Aristotle in Aquinas's Theology
Edited by Gilles Emery, OP, and Matthew Levering
Press (29 Oct 2015)
This is a highly readable account of the role that Aristotle plays in the theology of Aquinas. Matthew Levering in his article on Aristotle and the Mosaic law shows us that Aquinas regarded all virtuous acts as belonging to the general virtue of justice. However, there is also a special virtue of justice, namely, to give what is due to another. Human law has to do with this special virtue and it does not require us to be interiorly virtuous. In contrast, divine law requires us to be virtuous. Aquinas's discussion about the Mosaic law is aided by Aristotle because Aristotle made the distinction between general and special justice. Aquinas also makes use of Aristotle when asking questions such as whether there are moral precepts that are unchangeable.
In his article on Aristotelian doctrine in Aquinas's treatment of justice, Christopher Franks notes that Aquinas makes significant use of Aristotle's moral perspectives on justice. It is further noted that Aquinas does not reduce the "natural" simply to what might arise within natural theology. Instead, he holds an Aristotelian view of the temporal character of human knowledge, with a conviction of the naturalness of God's providential action to assist human beings towards their true end. Humanity's divine destiny does not get rid of our "created concreteness". God's action fulfills human nature in a way that clarifies what the teleological orientation of human nature was aiming at from the beginning, in ways that Aristotle would never have dreamed of.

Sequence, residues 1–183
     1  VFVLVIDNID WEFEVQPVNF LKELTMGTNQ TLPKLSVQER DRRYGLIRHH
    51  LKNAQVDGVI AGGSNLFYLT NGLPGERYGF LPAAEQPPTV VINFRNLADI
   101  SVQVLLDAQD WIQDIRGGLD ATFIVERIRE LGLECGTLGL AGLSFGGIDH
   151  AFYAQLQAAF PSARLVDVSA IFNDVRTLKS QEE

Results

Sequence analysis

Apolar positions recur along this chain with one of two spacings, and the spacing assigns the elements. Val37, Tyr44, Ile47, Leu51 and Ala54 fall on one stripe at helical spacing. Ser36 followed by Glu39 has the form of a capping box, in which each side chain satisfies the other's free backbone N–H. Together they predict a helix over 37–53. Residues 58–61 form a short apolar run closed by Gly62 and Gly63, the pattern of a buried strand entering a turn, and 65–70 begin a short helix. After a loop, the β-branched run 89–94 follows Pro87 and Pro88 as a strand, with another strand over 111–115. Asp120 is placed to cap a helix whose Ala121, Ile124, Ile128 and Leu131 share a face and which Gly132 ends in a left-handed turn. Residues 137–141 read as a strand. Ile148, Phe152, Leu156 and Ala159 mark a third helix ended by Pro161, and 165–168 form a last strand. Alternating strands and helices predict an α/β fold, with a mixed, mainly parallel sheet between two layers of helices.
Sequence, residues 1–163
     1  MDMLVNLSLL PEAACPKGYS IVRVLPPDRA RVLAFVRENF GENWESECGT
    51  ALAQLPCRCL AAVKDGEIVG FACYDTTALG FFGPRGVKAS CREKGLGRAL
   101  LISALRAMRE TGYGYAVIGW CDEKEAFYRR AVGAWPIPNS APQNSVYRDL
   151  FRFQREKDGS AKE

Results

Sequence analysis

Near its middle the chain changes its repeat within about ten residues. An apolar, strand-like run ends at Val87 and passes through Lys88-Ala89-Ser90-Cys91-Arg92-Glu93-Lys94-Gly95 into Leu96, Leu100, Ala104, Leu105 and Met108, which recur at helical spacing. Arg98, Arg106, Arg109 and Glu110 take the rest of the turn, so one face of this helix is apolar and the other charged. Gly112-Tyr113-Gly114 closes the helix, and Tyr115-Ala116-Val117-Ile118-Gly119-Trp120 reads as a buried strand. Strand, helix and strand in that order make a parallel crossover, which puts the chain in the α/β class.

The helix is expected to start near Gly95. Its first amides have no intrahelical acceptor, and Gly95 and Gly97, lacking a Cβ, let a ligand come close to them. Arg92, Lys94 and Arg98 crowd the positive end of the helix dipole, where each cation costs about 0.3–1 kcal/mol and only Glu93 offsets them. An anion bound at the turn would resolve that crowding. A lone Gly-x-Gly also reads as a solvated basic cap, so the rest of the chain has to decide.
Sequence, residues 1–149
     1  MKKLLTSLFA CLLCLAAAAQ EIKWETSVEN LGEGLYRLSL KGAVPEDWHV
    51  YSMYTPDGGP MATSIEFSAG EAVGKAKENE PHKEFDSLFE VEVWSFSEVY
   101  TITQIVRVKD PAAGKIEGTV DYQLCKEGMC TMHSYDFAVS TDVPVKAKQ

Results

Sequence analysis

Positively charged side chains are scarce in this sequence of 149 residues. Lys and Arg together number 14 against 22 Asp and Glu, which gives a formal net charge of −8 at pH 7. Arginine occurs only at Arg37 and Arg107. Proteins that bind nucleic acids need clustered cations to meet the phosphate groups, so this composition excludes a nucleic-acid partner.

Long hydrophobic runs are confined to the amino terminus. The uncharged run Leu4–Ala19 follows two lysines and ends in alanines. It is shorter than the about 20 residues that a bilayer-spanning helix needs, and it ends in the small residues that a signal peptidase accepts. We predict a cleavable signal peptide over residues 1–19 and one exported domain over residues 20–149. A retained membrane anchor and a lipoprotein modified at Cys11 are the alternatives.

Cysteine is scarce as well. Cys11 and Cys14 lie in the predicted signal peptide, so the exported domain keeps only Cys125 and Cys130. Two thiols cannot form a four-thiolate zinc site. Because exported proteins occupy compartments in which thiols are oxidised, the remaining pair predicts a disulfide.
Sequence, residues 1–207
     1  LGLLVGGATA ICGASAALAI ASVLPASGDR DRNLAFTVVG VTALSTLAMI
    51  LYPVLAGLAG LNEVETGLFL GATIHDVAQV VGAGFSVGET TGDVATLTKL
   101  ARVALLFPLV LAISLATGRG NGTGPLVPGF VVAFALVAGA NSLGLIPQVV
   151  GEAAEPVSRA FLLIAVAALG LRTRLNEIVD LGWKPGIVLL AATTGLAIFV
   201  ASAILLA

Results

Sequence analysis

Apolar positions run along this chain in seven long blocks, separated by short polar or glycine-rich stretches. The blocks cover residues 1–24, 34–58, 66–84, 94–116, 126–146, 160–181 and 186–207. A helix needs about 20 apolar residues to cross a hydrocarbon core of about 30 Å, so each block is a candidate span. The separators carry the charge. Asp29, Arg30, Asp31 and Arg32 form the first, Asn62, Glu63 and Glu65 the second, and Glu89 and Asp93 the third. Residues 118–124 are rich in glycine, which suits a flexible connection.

In his article on Aristotle and Aquinas's theology of charity, Guy Mansini writes that for Aquinas, it is entirely natural for man to love God above all things. So why do we need an infused virtue of charity? Happiness, for Aquinas, is twofold. There is a natural happiness proportioned to the principle of our nature. This happiness is imperfect compared to the happiness to which we are actually called by God , which is beatitude. But since beatitude is God's own happiness, it must be that our real ordination to that happiness presupposes a share in the divine nature itself. The author also notes that Aquinas's identification of charity as friendship with God is his contribution to the understanding of graced life.
Over the years, Matthew Levering and Gilles Emery have helped this reviewer towards a better understanding of Aquinas. This excellent work is a further such contribution.
Reviewed by Dr Pravin Thevathasan